Shopify vs WooCommerce

Shopify vs WooCommerce


I have been an open source software user since I first installed Slackware from floppy disc. For most web projects I've self hosted or managed a bare metal CentOS or Debian server.

Naturally this led me to open source tools and frameworks, avoiding using IIS at all costs (then I met the real world and ERP) and leaning into anything Linux and PHP. When Magento came out I was interested as a geek and in 2011 migrated our ecommerce site to Magento 1.4. Twelve years later the company is still using the same base install to run a £30m+ revenue website.

All this is to say that I had no reason or desire to use managed web platforms such as Shopify and Wix, and held them in some distain sure that there would be spaghetti code, missing features that I could not hack in myself and cruft I did not need.

In 2022 when I started working as a consultant I quickly found out that many clients used Shopify and Woocommerce. This is my opinion after about 6 months of using both daily.

WooCommerce Positives

I can't think of any good reasons to use WooCommerce - just use Magento.

Great, it's open source. So is Mage.

Great, it's self hosted. So is Mage.

Great, it's got an OK-ish eco system. So has Mage.

Great, it's simple to install. So is a 3rd party hosted Mage.

Great, it's cheap. So is a 3rd party hosted Mage.

WooCommerce Negatives

It's built on top of a blog. When you say that out loud "My ecommerce system, that handles orders, products and customers, is based on a blogging platform that is well known for it's past problems with security vulnerabilities" you don't have to have any technical understanding to know it's not a purpose designed tool.

The below is in reference to the back end admin - not the front end

The interface is horrible for daily ecommerce tasks.

The UX is crap, editing multiple products gets messy as it doesn't remember it's state.

The menu structure is a hacked together mess of Wordpress bits you probably don't need on an ecommerce site and then WooCommerce bits smushed in the middle with plugins above and below or just anywhere.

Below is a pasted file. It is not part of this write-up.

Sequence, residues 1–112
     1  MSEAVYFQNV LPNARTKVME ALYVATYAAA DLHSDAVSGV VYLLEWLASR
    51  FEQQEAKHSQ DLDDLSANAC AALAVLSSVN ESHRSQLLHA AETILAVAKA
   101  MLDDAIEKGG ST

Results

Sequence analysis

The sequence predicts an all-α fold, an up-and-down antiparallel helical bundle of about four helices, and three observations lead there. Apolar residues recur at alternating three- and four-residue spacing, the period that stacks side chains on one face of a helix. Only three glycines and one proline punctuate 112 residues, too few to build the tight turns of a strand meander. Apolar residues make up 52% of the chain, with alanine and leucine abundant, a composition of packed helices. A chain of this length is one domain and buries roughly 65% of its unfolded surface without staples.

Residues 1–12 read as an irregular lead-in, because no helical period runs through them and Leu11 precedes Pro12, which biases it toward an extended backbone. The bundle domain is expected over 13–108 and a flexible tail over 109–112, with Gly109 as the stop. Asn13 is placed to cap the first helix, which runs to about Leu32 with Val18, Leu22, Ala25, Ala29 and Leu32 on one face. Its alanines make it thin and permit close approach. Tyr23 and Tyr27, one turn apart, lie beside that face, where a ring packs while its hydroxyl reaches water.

In short it's not nice to use as a daily tool.

The there is the cost - you need plugins, hosting and a 3rd party payment gateway to operate. In my experience the total cost is identical to Magento and very similar to Shopify at £50 a month.

Shopify Positives

The biggest thing I found when using Shopify was how polished everything is. Clearly being a billion dollar company and having a huge dev team works.

The best admin interface I've used for creating and editing products and managing orders. Everything from creating shipping profiles to discount codes is slick and easy to use (hey, it's been designed for non-techies).

Bulk editing is better than even Magento with Amasty mass actions... well almost. You can bulk add related products, edit varients and perform any admin task with ease.

Shopify has a nice templating language for front end dev they call Liquid. For example, if you want to check the length of the page title to maybe append a phrase at the end all you need is:

{% if page_title.size <50 %}

The front end "visual builder" is actually really good for creating different templates and designs, such as on the homepage. You or your dev can create blocks that can be dropped in all over the place. Again you can feel the money that has been spent polishing the editor.

The Shopify checkout is very good. The conversion rates are fact. The negative is you have no control at all unless you are on Pro - but why would you want to mess with something that Just Works.

The eco system is huge, with everything from the real bottom feeder agencies through to big boys managing large brands. Some of the biggest sites using Shopify include:

  • Gymshark
  • Allbirds
  • Penguin Random House
  • Unilever
  • The New York Times Store
  • Leesa Sleep

Shopify Negatives

Closed source, so you can't hack around with the checkout or anything backend.

There is no control over checkout (even adding scripts is borked now)

I find as a dev trying to optimise for speed can be like hitting your head against a brick wall - there are some scripts and libraries that are going to be loaded in no matter what. For example I tried to remove the Universal Analytics tag, but it was still calling some generic UA tag. Shopify are running their scripts, such as trekkie, no matter what.

Which leads on the fact that a billion dollar company still doesn't support GA4 officially, less than 6 months before the switch off of UA. There are plugins but they are expensive and lame.